all the way to the King before he realizes it, and then go, "Hot damn,"
when he sees that she has left a couple of weapons there for him?
When does he spot them? Is he making jabbing motions at the King's
sleeping body with nothing in his hands before he realizes he's unarmed?
How smart does she have to be when this is the person she's got to
out-think? No, I think we all know what she's talking about when she
says she laid the guards' daggars. She's just toying with words.
Whack, whack, slice, stab, stab. The manly-man stabs the old King in
his sleep. What a fight he must have had. Not a single sound came from
the King. How do we know? Because one of the King's sons cry out, "Hold
it, there, pardner," and the other says, "Amen" or "Ah, men," or something
of that order. We don't know who was in their bedchambers so it's best not
to guess who they were saying these things to. But we do know that those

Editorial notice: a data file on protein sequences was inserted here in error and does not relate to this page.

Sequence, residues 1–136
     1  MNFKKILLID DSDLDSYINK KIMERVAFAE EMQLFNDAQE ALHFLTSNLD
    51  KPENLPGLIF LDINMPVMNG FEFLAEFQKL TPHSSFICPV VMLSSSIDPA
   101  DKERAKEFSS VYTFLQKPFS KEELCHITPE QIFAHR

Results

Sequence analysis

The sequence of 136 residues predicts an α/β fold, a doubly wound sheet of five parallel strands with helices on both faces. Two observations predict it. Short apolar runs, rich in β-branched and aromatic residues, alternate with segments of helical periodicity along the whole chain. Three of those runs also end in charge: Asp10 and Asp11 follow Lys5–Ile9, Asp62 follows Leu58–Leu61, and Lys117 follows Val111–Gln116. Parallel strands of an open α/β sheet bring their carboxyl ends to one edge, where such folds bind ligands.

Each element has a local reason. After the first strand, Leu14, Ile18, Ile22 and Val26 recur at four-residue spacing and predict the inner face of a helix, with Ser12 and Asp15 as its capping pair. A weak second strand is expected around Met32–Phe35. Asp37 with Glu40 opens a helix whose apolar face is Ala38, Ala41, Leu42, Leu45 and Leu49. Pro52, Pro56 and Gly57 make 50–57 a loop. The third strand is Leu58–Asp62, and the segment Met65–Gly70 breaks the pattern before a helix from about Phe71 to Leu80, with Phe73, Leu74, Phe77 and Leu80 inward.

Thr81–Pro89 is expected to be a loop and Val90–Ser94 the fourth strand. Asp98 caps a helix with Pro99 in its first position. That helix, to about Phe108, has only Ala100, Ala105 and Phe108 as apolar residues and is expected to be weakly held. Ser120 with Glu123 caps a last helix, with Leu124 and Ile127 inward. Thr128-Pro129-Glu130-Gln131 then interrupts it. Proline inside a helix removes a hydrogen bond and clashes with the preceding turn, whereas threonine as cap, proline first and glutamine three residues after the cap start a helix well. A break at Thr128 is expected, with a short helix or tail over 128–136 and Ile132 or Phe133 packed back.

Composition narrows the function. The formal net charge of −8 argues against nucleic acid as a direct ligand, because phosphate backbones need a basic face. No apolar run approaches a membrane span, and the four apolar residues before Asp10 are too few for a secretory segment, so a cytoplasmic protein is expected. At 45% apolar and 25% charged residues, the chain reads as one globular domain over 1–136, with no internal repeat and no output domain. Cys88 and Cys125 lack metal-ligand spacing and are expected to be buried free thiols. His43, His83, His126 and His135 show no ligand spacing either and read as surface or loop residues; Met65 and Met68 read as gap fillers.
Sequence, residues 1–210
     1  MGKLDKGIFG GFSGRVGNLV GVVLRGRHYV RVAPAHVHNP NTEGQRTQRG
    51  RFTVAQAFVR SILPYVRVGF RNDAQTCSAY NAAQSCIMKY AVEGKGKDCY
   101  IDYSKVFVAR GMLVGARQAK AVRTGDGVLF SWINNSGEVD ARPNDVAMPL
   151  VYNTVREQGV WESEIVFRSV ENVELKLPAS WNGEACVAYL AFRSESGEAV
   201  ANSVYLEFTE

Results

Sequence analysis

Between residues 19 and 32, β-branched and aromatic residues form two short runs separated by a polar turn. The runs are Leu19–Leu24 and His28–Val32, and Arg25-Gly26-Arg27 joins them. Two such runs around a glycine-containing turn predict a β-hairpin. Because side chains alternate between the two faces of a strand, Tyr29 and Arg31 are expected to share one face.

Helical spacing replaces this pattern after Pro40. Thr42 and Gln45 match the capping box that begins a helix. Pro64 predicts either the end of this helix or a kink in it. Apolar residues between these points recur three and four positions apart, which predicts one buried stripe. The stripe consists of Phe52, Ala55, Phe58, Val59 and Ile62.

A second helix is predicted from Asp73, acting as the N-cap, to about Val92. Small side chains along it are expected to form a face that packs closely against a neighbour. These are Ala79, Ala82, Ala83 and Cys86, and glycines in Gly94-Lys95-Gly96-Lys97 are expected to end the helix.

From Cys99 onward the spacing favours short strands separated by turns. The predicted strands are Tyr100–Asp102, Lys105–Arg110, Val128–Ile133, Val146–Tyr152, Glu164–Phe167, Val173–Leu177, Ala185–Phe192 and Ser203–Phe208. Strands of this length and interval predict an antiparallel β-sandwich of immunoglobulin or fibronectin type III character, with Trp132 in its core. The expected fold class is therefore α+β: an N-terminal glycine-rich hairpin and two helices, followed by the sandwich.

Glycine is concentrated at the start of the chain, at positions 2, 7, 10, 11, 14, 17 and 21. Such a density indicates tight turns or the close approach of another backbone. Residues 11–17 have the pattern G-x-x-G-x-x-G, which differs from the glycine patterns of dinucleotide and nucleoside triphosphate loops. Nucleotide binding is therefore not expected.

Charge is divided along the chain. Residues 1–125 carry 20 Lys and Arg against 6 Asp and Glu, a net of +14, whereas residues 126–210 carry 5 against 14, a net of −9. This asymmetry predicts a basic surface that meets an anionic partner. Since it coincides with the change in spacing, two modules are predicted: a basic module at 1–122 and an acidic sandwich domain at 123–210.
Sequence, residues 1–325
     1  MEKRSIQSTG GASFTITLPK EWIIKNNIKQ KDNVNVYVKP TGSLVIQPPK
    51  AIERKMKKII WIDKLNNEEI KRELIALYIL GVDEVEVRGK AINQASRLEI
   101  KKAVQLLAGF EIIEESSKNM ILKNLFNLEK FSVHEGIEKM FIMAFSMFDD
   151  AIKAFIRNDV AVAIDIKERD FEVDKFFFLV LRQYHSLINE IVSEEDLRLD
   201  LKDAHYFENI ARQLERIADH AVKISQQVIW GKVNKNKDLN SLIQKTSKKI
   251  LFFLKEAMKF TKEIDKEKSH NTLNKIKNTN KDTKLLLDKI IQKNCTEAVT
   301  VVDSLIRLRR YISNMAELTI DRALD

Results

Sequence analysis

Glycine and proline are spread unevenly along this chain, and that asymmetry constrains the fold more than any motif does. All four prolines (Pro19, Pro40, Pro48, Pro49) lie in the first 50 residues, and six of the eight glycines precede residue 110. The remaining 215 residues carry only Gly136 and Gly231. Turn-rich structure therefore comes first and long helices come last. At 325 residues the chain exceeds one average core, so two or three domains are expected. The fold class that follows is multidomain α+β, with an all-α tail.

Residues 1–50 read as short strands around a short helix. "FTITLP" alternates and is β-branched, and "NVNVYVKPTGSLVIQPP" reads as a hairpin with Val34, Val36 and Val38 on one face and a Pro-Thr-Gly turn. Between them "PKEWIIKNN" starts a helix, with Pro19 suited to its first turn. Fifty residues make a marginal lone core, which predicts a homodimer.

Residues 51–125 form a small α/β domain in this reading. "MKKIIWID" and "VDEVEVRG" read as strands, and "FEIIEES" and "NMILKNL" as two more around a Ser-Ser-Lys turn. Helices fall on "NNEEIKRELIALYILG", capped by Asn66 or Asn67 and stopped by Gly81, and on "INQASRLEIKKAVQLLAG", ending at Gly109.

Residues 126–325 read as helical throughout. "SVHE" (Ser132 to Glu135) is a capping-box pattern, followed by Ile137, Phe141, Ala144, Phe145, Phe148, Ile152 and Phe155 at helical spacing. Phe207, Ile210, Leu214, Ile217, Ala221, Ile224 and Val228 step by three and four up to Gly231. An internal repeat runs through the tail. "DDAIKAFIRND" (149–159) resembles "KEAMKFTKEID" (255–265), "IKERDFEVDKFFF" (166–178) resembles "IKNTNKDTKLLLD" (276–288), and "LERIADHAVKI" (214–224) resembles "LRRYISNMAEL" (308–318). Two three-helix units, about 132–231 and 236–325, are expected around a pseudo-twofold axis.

are the only sounds that emanated from upstairs during the murder, so the
King hadn't made any sounds.
Somehow, Lady Macbeth and Macbeth passed each other on the only
stairway -- she going down (again?) and he going up -- without seeing
each other, because she's downstairs. He stumbles in a few minutes
later, and he's going through a total psychotic episode. He apparently
forgets Duncan's name and keeps saying, "I murdered Sleep." She
recognizes his condition, and guess what she does? Right! See how it
all fits? She calls him a pussy again! And he whimpers around until she
says, "For god's sake, what do you have in your hands?" He holds them
up and says, "Oops." "You brought the guards' daggars down with you?
You imbecile! How can we blame them when you've got their freaking
daggars?" "Well, I ain't going back up there, uh uh, no way, no how."
"God, you are such a weak, sniveling......pussy! Give me those daggars,
and I'll take them back up." Like the man he compliments her for being,
he says, "Okay, Honey. You take the daggars up, dip your hands in the
old man's belly to get enough blood to smear on the guards, and I'll just
be waiting here when you get back, because you're the woman and I'm
the man." She stomps off, and he goes into a weeping jag again about
murdering "Sleep. Macbeth doth murder Sleep."
To cap this gender-reversal off (although I could do this for the whole